Now, if I hold down the central mouse button, I can use the TrackPoint to slide the magnified area across the screen. If I unpress the central mouse button and then click it once, the TrackPoint's magnified panel disappears.
Now, going back to PROGRAMS -> ACCESSORIES -> ACCESSABILITY, we have five options, these being
ACCESSABILITY WIZARD, MAGNIFIER, NARRATOR, ON-SCREEN KEYBOARD and UTILITY MANAGER.
Now that I've finally found it (by accident) the NARRATOR looks to be something I have been considering buying at considerable expense, a reader which reads stuff that is on the screen.
To launch NARRATOR, hold down CTRL-SHIFT-SPACEBAR. This looks like an XP version of the incredibly expensive screen-reader software I was introduced to when I visited the Royal Foundation for the Blind in Auckland, New Zealand: Jaws (as in the shark movie) and Windowizer. There is a list of Microsoft-compatible screen readers, if you are interested, at:
Okay, let's try CTRL-SHIFT-SPACEBAR while UltraEdit is open and see what happens. Absolutely nothing. How about if I have Encarta open?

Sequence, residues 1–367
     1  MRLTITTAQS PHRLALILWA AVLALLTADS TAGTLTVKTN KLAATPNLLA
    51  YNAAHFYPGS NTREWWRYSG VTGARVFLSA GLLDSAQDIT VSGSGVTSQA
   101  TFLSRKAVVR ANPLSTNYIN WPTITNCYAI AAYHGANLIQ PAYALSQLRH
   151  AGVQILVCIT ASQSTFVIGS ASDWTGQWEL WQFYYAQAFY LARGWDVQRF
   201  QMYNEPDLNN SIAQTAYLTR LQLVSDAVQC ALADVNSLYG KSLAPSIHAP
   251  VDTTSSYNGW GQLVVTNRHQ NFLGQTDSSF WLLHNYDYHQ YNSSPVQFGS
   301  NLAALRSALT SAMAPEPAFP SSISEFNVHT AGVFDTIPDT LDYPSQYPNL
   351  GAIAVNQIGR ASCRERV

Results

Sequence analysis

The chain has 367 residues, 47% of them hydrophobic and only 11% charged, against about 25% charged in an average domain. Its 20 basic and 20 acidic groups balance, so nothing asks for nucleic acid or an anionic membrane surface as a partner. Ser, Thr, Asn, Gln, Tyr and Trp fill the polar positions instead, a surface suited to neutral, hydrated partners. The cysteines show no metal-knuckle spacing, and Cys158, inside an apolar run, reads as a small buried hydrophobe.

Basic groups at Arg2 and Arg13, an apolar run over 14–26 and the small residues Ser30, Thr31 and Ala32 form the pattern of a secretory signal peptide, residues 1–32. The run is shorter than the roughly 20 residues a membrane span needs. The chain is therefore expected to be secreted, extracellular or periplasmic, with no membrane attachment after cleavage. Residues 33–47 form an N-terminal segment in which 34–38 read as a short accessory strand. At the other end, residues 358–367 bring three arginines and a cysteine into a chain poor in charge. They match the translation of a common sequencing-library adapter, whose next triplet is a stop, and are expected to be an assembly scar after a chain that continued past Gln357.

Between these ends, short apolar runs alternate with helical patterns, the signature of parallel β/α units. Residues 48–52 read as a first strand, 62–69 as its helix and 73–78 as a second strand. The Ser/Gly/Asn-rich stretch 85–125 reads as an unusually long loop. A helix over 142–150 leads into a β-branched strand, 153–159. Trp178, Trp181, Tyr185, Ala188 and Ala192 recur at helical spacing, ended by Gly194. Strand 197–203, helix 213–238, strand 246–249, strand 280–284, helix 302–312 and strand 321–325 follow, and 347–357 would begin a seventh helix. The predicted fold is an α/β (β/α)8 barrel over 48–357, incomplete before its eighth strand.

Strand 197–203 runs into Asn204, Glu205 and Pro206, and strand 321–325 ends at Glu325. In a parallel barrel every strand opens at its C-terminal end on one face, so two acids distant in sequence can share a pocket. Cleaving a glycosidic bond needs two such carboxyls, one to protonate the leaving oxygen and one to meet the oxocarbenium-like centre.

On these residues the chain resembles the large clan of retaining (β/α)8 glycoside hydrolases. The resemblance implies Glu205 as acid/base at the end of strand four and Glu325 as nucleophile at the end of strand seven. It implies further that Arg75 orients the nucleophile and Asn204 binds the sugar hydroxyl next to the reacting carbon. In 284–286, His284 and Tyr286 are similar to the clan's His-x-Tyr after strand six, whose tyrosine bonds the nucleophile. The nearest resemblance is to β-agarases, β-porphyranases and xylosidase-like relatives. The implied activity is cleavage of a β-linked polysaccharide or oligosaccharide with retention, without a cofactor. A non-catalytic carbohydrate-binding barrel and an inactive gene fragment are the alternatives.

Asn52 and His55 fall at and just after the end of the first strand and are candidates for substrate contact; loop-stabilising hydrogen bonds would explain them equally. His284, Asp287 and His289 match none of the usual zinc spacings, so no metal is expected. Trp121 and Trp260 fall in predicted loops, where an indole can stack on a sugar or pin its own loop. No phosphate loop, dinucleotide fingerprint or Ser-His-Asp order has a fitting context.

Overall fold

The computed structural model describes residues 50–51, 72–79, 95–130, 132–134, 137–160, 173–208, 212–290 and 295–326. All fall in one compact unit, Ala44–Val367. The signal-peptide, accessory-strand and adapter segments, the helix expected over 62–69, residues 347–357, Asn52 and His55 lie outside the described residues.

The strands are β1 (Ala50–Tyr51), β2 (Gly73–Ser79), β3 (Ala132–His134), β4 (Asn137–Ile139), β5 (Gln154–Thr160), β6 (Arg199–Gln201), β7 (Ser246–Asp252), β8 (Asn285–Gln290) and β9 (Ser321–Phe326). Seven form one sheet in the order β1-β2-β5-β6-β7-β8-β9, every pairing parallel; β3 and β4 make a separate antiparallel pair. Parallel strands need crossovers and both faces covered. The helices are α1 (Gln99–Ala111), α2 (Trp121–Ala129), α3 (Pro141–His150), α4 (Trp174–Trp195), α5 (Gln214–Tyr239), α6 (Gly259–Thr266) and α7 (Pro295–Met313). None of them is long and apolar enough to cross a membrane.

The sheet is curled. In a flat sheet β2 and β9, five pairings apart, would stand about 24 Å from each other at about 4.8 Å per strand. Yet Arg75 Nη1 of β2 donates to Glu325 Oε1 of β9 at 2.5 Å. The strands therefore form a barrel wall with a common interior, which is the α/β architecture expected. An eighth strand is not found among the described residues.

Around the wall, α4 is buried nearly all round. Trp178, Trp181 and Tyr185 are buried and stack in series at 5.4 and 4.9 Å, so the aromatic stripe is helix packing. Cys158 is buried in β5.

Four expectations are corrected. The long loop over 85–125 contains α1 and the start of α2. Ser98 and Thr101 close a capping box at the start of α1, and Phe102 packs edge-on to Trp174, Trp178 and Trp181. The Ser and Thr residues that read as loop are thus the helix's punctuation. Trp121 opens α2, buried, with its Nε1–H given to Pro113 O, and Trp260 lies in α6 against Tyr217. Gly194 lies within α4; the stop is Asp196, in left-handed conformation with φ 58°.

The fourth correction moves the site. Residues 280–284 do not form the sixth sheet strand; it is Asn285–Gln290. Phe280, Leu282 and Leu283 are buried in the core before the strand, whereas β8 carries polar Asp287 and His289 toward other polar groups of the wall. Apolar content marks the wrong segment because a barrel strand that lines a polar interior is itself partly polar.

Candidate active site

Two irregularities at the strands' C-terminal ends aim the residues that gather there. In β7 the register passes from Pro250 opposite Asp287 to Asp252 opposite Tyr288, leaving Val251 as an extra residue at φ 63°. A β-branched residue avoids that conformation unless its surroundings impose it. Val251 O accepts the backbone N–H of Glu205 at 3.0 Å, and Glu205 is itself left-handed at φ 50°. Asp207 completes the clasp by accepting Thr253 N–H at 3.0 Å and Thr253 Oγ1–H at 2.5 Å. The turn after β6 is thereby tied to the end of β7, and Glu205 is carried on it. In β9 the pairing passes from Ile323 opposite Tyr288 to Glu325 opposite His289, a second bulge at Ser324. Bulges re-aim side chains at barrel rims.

Okay ... now I get it! The CTRL-SHIFT-SPACEBAR sequence does not work unless you first go to PROGRAMS -> ACCESSORIES -> NARRATOR and THEN press the CTRL-SHIFT-SPACEBAR combination while you are in Encarta.
With that pressed, while you are typing in UltraEdit, Narrator reads aloud everything you are typing, but you only hear the occasional letter unless you type really slowly. If you type slowly then you hear, for example, "space," "comma" and "a" and so forth.
It is like Jaws and Windowizer in that it will enunciate stuff like "backspace." So, if you're stone cold blind, you can know when you have just used the backspace key.
Now that it seemed that Narrator would work with UltraEdit, I went to the head of the file that you are reading now and pressed the CTRL-SHIFT-SPACEBAR combination. There was a LONG prolog as Narrator read every single thing, including all the details of the path to the file and all the details of all the tabs that were open in UltraEdit. Then, finally, it got down to the business of reading the actual text.